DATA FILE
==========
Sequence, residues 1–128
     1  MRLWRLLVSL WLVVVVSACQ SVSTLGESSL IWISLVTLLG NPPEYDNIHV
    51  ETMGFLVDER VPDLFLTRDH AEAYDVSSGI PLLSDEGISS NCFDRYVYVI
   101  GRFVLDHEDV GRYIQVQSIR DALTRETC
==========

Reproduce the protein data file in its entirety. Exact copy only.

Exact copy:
Sequence, residues 1–128
     1  MRLWRLLVSL WLVVVVSACQ SVSTLGESSL IWISLVTLLG NPPEYDNIHV
    51  ETMGFLVDER VPDLFLTRDH AEAYDVSSGI PLLSDEGISS NCFDRYVYVI
   101  GRFVLDHEDV GRYIQVQSIR DALTRETC